Limits...
Transcription Profiling of Malaria-Naïve and Semi-immune Colombian Volunteers in a Plasmodium vivax Sporozoite Challenge.

Rojas-Peña ML, Vallejo A, Herrera S, Gibson G, Arévalo-Herrera M - PLoS Negl Trop Dis (2015)

Bottom Line: There was no evidence for transcriptional changes prior to the appearance of blood stage parasites at day 12 or 13, at which time there was a strong interferon response and, unexpectedly, down-regulation of transcripts related to inflammation and innate immunity.This differential expression was confirmed with RNASeq, which also suggested perturbations of aspects of T cell function and erythropoiesis.Despite differences in clinical symptoms between the semi-immune and malaria naïve individuals, only subtle differences in their transcriptomes were observed, although 175 genes showed significantly greater induction or repression in the naïve volunteers from Cali.

View Article: PubMed Central - PubMed

Affiliation: Center for Integrative Genomics, School of Biology, Georgia Institute of Technology, Atlanta, Georgia, United States of America.

ABSTRACT

Background: Continued exposure to malaria-causing parasites in endemic regions of malaria induces significant levels of acquired immunity in adult individuals. A better understanding of the transcriptional basis for this acquired immunological response may provide insight into how the immune system can be boosted during vaccination, and into why infected individuals differ in symptomology.

Methodology/principal findings: Peripheral blood gene expression profiles of 9 semi-immune volunteers from a Plasmodium vivax malaria prevalent region (Buenaventura, Colombia) were compared to those of 7 naïve individuals from a region with no reported transmission of malaria (Cali, Colombia) after a controlled infection mosquito bite challenge with P. vivax. A Fluidigm nanoscale quantitative RT-PCR array was used to survey altered expression of 96 blood informative transcripts at 7 timepoints after controlled infection, and RNASeq was used to contrast pre-infection and early parasitemia timepoints. There was no evidence for transcriptional changes prior to the appearance of blood stage parasites at day 12 or 13, at which time there was a strong interferon response and, unexpectedly, down-regulation of transcripts related to inflammation and innate immunity. This differential expression was confirmed with RNASeq, which also suggested perturbations of aspects of T cell function and erythropoiesis. Despite differences in clinical symptoms between the semi-immune and malaria naïve individuals, only subtle differences in their transcriptomes were observed, although 175 genes showed significantly greater induction or repression in the naïve volunteers from Cali.

Conclusion/significance: Gene expression profiling of whole blood reveals the type and duration of the immune response to P. vivax infection, and highlights a subset of genes that may mediate adaptive immunity.

No MeSH data available.


Related in: MedlinePlus

Heat map of Interleukins, Interferon (IFN), Transforming Growth Factor (TGF) and tumor necrosis factor (TNF) genes.All genes with names starting with IL, IFN, TGF or TNF were selected and subject to two-way hierarchical analysis. Red indicates high expression, blue low expression, and gray intermediate. Three groups of samples (I, II and III), and three clusters of genes (green, blue and yellow) are indicated. Baseline (Green labels) and Diagnosis samples (Red labels) are separated, excluding the outlier Cali 306N Baseline sample and 375S and 302S. Solid points represent Cali (N, naïve), and open circles represent Buenaventura (S, semi-immune).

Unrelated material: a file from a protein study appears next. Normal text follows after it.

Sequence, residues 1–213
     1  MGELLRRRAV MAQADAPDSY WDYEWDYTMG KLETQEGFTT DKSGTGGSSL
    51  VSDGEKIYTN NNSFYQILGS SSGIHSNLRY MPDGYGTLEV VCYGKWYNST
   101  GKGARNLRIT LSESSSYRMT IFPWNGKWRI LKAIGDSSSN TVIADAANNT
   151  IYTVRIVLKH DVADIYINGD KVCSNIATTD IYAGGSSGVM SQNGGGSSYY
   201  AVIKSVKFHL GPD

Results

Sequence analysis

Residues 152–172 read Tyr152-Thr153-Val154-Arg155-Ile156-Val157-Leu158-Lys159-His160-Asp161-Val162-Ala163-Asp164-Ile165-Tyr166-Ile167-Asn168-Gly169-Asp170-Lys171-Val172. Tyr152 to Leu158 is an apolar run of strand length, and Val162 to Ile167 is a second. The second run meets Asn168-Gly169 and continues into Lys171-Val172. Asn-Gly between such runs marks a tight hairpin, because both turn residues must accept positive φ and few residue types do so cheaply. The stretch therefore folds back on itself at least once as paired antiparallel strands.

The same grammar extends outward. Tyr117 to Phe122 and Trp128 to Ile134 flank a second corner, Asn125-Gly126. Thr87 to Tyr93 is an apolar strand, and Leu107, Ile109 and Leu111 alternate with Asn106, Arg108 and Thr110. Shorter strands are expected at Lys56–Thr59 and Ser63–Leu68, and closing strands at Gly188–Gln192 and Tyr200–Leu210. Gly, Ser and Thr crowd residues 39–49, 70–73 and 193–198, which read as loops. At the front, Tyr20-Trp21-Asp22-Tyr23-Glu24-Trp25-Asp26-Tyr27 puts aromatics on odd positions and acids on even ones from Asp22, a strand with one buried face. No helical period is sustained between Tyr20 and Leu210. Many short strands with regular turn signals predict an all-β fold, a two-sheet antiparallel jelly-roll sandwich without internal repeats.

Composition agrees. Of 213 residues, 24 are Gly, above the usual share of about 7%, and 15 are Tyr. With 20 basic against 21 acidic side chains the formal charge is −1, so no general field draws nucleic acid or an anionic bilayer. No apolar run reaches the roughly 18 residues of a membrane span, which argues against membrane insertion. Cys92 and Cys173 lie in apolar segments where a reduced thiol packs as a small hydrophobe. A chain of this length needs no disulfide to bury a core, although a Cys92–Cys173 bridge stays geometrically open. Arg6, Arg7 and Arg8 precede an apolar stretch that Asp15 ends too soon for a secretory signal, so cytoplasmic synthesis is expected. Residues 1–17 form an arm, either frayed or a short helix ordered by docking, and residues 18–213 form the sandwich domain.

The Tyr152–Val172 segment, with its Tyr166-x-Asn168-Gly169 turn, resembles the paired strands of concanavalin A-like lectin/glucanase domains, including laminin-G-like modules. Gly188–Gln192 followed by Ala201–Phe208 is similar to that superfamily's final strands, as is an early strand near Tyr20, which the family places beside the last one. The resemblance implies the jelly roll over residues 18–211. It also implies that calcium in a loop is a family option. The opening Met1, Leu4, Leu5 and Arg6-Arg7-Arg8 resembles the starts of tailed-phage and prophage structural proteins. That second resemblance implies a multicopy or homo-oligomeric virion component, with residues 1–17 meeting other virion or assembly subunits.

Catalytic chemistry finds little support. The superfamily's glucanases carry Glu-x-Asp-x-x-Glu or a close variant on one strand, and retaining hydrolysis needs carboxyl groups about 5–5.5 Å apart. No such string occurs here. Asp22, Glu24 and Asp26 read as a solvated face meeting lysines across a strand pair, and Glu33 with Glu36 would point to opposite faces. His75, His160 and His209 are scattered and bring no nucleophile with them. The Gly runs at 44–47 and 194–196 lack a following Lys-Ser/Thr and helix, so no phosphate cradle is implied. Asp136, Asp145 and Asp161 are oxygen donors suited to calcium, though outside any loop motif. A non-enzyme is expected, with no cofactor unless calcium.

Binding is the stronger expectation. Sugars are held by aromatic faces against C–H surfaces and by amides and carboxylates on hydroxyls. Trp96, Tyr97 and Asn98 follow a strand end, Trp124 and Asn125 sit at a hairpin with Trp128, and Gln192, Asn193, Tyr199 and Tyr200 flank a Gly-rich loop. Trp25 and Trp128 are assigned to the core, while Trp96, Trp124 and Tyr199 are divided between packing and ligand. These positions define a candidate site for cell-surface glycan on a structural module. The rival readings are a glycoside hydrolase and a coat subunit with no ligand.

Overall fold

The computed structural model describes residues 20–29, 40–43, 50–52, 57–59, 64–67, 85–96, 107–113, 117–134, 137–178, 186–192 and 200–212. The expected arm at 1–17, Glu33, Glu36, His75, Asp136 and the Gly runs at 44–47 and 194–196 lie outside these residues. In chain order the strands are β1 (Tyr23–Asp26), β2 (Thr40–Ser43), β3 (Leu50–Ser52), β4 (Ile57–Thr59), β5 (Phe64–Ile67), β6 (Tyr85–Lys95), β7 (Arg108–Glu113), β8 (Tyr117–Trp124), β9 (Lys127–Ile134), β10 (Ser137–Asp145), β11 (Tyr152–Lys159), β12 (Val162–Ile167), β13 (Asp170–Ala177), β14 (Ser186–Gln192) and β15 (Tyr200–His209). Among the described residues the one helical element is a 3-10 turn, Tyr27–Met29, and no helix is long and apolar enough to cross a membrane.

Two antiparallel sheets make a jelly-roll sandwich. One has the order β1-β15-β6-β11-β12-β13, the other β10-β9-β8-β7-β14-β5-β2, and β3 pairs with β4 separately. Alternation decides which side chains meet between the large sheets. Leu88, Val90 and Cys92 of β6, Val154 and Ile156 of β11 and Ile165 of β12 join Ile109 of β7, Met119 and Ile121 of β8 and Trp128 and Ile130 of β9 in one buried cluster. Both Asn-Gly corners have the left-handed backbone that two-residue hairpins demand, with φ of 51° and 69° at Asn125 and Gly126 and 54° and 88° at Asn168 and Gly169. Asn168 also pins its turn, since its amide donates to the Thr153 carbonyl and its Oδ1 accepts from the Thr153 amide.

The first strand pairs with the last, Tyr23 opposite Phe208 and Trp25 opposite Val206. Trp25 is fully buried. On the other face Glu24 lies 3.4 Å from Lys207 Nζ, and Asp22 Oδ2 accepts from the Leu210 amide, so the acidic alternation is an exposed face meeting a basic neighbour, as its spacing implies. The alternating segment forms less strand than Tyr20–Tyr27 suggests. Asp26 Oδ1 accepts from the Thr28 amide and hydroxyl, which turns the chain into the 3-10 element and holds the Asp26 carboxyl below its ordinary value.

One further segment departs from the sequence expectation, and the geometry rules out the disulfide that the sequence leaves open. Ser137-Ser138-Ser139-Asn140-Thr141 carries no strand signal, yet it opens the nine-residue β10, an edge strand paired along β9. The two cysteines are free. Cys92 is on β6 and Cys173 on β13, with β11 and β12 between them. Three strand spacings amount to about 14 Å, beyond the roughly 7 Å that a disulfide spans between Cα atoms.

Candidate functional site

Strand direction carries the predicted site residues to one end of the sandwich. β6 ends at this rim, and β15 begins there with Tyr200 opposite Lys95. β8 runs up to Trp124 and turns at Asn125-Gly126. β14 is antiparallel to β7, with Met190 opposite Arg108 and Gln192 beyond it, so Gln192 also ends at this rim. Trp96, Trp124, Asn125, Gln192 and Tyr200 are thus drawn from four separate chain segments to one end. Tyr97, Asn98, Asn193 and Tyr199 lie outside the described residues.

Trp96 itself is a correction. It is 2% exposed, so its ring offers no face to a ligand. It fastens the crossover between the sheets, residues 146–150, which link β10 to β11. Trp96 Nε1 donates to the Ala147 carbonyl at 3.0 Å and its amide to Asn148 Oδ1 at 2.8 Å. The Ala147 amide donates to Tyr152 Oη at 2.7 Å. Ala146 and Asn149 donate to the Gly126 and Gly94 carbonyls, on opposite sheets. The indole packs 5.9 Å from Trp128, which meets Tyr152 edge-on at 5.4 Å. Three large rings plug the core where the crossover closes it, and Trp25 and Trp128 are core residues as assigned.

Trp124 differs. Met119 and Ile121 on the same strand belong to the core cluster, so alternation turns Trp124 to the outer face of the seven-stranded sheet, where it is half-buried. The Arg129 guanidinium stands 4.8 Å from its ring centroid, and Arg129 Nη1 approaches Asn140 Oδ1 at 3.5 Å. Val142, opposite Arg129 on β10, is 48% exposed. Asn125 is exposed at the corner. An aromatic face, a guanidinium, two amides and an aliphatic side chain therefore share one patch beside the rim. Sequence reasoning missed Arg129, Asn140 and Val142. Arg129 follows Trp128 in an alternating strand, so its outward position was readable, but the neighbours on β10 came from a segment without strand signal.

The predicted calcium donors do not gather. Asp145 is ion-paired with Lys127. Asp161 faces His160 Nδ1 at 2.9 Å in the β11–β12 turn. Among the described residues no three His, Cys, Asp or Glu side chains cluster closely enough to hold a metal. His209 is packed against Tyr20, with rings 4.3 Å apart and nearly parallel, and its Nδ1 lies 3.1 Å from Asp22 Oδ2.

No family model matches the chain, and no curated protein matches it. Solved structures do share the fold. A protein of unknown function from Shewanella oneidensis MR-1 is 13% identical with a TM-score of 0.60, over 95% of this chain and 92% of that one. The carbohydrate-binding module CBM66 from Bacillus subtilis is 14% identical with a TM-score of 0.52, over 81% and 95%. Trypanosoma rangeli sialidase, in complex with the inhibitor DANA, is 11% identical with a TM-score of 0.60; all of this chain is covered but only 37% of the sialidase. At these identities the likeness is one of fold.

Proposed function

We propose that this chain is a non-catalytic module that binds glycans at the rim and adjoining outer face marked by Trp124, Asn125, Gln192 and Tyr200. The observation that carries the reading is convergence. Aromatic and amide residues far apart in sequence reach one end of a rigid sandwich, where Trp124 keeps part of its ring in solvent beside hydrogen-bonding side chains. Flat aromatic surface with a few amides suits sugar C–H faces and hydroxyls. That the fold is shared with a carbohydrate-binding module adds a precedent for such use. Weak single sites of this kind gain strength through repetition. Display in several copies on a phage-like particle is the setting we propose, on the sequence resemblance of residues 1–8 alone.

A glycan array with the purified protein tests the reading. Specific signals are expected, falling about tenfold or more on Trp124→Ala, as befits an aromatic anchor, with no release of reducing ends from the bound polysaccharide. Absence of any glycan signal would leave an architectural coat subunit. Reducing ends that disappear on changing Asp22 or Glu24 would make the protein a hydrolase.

© Copyright Policy
Related In: Results  -  Collection

License
getmorefigures.php?uid=PMC4526565&req=5

pntd.0003978.g005: Heat map of Interleukins, Interferon (IFN), Transforming Growth Factor (TGF) and tumor necrosis factor (TNF) genes.All genes with names starting with IL, IFN, TGF or TNF were selected and subject to two-way hierarchical analysis. Red indicates high expression, blue low expression, and gray intermediate. Three groups of samples (I, II and III), and three clusters of genes (green, blue and yellow) are indicated. Baseline (Green labels) and Diagnosis samples (Red labels) are separated, excluding the outlier Cali 306N Baseline sample and 375S and 302S. Solid points represent Cali (N, naïve), and open circles represent Buenaventura (S, semi-immune).

Mentions: Given the importance of cytokines to regulation of the immune response, we specifically analyzed the expression of many of the genes in the RNASeq dataset that are related to Interleukin (IL), interferon (IFN), tumor necrosis factor (TNF), and transforming growth factor (TGF) signaling. This analysis revealed three groups of samples, and three clusters of genes (Fig 5). Once again, the Baseline and Diagnosis samples were separated, excluding the outlier Cali 306 Baseline sample and two others, but in this case there was no clear separation relative to pre-infection malaria status. One cluster of 14 genes, including IL32 and IL8, was not differentially expressed. Another cluster of 23 genes, including the IL4R, IL6R, and IL7R and IL17R receptors, was upregulated at Baseline, particularly strongly in three volunteers (Cali 302 and Buenaventura 341 and 375). The third cluster of 19 genes, including TNF, IL1B and IL15, showed the opposite tendency, namely up-regulation at Diagnosis, particularly strongly in two samples (314 from Cali and 324 from Buenaventura). These results imply that there is strong co-regulation of the cytokine response and infection, but that this is not mediating the differential response between naïve and semi-immune individuals. This is somewhat surprising, especially given that the experience of fever was significantly different between the two populations, who might have been predicted to differ with respect to the pyrogenic cytokines IL1, IL6, IL8 and TNF.